ISO 3103 is a standard published by the International Organization for Standardization (commonly referred to as ISO), specifying a standardized method for brewing tea, possibly sampled by the standardized methods described in ISO 1839. It was originally laid down in 1980 as BS 6008:1980 by the British Standards Institution, and a revision was published in December, 2019 as ISO/NP 3103. It was produced by ISO Technical Committee 34 (Food products), Sub-Committee 8 (Tea).
This standard is not meant to define the proper method for brewing tea intended for general consumption, but rather to document a tea brewing procedure where meaningful sensory comparisons can be made. An example of such a test would be a taste-test to establish which blend of teas to choose for a particular brand or basic label in order to maintain a consistent tasting brewed drink from harvest to harvest. Some would contend that oversteeping the tea is not a valid way to make meaningful sensory comparisons.
To maintain consistent results, the following are recommendations given by the standard:
The pot should be white porcelain or glazed earthenware and have a partly serrated edge. It should have a lid that fits loosely inside the pot.
If a large pot is used, it should hold a maximum of 310 ml (±8 ml) and must weigh 200 g (±10 g).
If a small pot is used, it should hold a maximum of 150 ml (±4 ml) and must weigh 118 g (±10 g).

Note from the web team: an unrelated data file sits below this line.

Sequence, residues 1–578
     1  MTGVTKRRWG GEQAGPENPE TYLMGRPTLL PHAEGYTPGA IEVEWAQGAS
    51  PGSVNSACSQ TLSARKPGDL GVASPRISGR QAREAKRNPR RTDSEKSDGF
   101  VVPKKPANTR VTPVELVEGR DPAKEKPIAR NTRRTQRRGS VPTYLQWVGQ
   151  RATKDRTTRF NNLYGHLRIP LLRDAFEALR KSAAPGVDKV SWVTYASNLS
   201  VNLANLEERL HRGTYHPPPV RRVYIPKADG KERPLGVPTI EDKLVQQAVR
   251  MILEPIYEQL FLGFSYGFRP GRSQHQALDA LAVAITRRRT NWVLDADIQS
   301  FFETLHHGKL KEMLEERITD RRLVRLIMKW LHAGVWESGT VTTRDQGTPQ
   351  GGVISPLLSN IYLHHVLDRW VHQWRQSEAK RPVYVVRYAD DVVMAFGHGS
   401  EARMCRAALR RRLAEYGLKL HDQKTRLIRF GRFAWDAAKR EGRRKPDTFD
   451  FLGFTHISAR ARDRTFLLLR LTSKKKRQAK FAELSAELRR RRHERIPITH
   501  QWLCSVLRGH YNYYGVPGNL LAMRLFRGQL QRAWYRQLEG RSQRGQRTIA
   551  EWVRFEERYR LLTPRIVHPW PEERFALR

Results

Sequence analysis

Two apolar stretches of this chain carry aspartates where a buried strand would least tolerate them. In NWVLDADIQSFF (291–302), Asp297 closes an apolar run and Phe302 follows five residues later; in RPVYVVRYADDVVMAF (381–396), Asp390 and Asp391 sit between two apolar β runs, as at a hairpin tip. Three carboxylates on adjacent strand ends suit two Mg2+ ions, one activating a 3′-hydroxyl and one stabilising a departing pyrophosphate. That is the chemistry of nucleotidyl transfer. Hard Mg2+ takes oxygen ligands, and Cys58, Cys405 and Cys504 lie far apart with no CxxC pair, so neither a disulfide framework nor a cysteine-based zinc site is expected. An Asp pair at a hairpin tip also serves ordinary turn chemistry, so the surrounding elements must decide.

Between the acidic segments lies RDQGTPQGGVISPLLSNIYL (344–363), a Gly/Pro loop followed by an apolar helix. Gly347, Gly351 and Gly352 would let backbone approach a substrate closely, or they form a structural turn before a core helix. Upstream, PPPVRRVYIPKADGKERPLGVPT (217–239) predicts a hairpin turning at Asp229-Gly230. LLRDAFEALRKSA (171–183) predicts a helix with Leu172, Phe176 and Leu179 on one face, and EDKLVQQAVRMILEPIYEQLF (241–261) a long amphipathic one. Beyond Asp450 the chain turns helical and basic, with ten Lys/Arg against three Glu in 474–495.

2 grams of tea (measured to ±2% accuracy) per 100 ml boiling water is placed into the pot.
Freshly boiling water is poured into the pot to within 4–6 mm of the brim. Allow 20 seconds for water to cool.
The water should be similar to the drinking water where the tea will be consumed.
Brewing time is six minutes.
The brewed tea is then poured into a white porcelain or glazed earthenware bowl.
If a large bowl is used, it must have a capacity of 380 ml and weigh 200 g (±20 g).
If a small bowl is used, it must have a capacity of 200 ml and weigh 105 g (±20 g).
If the test involves milk, then it is added to the bowl before pouring the infused tea into it, unless that is contrary to the organisation's normal practice.
If milk is added after the pouring of tea, the standard notes that best results are obtained when the liquid is between 65 and 80 °C.
5 ml of milk for the large bowl, or 2.5 ml for the small bowl, is used.
Pot and bowlEdit
An annex of the standard describes two alternative pots (310 ml and 150 ml) and corresponding bowls (380 ml and 200 ml) “which are in widespread use” for tea tasting, including engineering drawings of their cross sections. The type of pot described is also known as a taster's mug.
The protocol has been criticized for omitting any mention of prewarming the pot.Ireland was the only country to object, and objected on technical grounds.